BWW Review: CTC Thrills with Production of Roald Dahl's MATILDA THE MUSICAL

BWW Review: CTC Thrills with Production of Roald Dahl's MATILDA THE MUSICAL
Matilda the Musical
Photo Credit: Dan Norman
BWW Review: CTC Thrills with Production of Roald Dahl's MATILDA THE MUSICAL
Lillian Hochman
Photo Credit: Dan Norman

Might children appear to be called maggots or miracles? What type of question could that possibly be? The famous British young adult author, Roald Dahl, fills his pages with chill and thrill inducing scenes that empower children to take themselves seriously and asks that very question of his readers. On the first May weekend, Minneapolis' Children's Theatre Company (CTC) opened a production that began in London and then travelled to Broadway in their opening of Matilda the Musical, an adaptation of Roald Dahl's famous 1988 young adult novel.

Dennis Kelly composed the original adaptation together with lyrics by Tim Minchin, which debuted in England at Stratford-upon-Avon in 2010 and then transferred to London's West End. By 2013, the musical reached New York's Broadway theaters. Winning a flurry of awards, this delightfully dark song and dance musical represents a full length production for CTC, complete with an entire ensemble that supports an accomplished and adorable Matilda. On the opening Sunday evening, Lillian Hochman stepped into those shoes and charmed the audience opposite a terrifying Miss Trunchbull, Emily Gunyou Halaas.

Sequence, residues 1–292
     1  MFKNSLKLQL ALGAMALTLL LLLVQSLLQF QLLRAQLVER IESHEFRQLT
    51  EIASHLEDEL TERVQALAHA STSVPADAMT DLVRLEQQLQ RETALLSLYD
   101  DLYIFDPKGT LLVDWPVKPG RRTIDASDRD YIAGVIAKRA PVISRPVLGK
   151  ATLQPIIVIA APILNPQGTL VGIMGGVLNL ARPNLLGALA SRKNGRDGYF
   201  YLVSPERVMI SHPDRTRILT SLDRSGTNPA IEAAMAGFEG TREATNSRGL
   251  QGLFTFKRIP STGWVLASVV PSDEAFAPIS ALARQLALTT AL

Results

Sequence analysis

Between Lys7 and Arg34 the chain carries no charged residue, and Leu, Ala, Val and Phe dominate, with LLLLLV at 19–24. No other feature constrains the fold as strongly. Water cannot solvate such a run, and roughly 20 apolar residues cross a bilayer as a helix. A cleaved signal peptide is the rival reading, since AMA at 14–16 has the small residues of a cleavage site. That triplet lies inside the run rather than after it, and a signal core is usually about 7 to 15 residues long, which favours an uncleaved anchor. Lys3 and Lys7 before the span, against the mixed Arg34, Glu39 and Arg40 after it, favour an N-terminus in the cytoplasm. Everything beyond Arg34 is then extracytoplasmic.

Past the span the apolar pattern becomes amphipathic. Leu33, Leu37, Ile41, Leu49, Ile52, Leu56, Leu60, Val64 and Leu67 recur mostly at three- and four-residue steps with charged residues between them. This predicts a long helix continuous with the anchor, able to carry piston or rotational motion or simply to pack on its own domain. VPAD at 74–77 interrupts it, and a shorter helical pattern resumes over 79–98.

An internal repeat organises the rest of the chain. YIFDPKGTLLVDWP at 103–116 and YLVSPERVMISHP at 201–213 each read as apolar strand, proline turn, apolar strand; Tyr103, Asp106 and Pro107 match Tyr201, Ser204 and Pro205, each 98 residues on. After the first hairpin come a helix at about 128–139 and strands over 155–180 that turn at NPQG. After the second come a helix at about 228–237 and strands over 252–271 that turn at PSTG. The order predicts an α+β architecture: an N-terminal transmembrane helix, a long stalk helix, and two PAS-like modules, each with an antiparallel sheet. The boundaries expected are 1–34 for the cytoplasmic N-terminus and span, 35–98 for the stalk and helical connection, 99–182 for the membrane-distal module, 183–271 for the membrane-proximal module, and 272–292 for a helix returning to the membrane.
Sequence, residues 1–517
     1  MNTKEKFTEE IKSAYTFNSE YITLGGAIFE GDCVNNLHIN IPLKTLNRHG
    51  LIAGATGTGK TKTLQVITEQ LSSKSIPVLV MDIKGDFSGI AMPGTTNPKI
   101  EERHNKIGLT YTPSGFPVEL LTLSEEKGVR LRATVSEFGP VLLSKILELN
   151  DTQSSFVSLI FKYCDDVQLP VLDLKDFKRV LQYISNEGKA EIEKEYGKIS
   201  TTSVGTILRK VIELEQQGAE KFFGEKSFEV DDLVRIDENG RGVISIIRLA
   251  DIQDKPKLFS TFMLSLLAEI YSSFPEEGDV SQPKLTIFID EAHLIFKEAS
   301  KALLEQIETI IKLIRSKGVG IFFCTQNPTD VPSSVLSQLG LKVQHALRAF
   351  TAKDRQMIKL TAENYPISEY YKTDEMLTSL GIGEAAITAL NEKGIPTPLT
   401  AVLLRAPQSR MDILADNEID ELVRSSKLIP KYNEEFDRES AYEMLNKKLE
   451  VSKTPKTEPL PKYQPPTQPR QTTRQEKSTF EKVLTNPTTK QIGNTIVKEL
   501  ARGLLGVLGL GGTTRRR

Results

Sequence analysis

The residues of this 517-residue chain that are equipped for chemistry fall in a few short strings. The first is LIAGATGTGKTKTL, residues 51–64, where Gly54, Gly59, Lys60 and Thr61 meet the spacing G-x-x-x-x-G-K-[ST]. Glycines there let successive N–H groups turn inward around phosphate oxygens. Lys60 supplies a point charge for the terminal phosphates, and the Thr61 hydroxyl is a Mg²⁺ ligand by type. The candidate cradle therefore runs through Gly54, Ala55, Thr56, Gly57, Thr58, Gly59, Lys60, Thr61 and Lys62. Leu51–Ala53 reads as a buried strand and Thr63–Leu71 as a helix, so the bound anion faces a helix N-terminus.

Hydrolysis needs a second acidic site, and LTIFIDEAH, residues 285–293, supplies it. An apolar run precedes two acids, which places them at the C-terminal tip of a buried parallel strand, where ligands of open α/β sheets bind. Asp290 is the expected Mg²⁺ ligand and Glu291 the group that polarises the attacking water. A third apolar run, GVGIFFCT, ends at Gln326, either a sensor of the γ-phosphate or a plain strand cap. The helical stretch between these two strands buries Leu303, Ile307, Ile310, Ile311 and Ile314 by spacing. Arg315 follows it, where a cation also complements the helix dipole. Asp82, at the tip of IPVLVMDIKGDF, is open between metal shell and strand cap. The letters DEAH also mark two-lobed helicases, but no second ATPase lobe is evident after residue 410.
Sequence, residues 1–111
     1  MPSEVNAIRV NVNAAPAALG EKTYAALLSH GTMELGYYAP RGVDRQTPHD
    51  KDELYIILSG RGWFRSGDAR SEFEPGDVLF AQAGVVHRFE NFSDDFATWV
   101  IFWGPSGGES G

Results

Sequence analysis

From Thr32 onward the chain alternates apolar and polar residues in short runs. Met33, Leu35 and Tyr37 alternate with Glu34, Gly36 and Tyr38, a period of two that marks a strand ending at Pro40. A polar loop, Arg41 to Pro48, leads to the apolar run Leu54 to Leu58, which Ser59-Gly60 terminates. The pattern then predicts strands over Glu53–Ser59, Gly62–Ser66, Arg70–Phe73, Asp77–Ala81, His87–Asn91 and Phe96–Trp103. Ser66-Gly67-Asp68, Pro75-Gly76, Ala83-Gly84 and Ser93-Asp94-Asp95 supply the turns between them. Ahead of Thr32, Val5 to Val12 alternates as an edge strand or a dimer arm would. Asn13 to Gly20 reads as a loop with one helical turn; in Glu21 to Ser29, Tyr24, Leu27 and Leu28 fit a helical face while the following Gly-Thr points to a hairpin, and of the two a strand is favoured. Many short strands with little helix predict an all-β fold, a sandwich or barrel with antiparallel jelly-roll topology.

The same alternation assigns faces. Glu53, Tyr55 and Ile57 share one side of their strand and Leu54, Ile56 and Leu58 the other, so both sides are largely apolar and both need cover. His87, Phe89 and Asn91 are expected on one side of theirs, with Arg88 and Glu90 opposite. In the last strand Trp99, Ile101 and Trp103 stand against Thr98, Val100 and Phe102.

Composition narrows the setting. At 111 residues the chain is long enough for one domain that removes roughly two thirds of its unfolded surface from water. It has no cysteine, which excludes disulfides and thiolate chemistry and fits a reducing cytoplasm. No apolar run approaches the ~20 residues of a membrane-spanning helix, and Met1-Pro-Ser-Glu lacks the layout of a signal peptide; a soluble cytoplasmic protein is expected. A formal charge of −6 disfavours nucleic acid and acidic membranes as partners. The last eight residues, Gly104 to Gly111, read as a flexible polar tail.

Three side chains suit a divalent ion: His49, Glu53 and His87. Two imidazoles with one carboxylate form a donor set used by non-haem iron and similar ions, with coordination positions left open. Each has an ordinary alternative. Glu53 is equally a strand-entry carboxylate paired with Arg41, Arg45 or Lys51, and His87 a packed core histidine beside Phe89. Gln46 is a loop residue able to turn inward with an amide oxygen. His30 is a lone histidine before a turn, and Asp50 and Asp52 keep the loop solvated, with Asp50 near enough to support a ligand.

In this challenging and chilling story, the young Matilda finds herself growing up in a family that ridicules intelligence, reading and telling stories. Her mother and father (Talented actors Autumn Ness and Dean Holt) call Matilda names, love the telly and value how a person looks or how rich they are instead of their character. To escape their taunts, Matilda spends time reading in the library, which features an incredible floor to ceiling serpentine bookcase.

The bookcases actually split to reveal a monumental screen where Matilda's stories can be projected while she tells them to the librarian, Mrs. Phelps. Scenic Designer Scott Davis enchants the audience with books floating from the ceiling and across the stage, along with easy to change scene transitions throughout the production. This includes accolades to the Projection Designer Jorge Cousineau, along with the Lighting Designer Philip S. Rosenberg, for producing the stories in silhouette for the audience.

When Matilda enters her strict new school, she meets other children terrorized by the headmistress, Miss Agatha Trunchbull, an icon of misbehaved principles everywhere. Halaas embodies the austere and stern Trunchbull, complete with a military presence and her trusty horse whip. Even Matilda's classroom teacher, the compassionate Miss Honey played by China Brickey, finds facing the headmistress terrifying. While Mathilda eventually maneuvers between her frustrating home life and the treacherous school rules, she ultimately discovers she's an amazing girl-a miracle!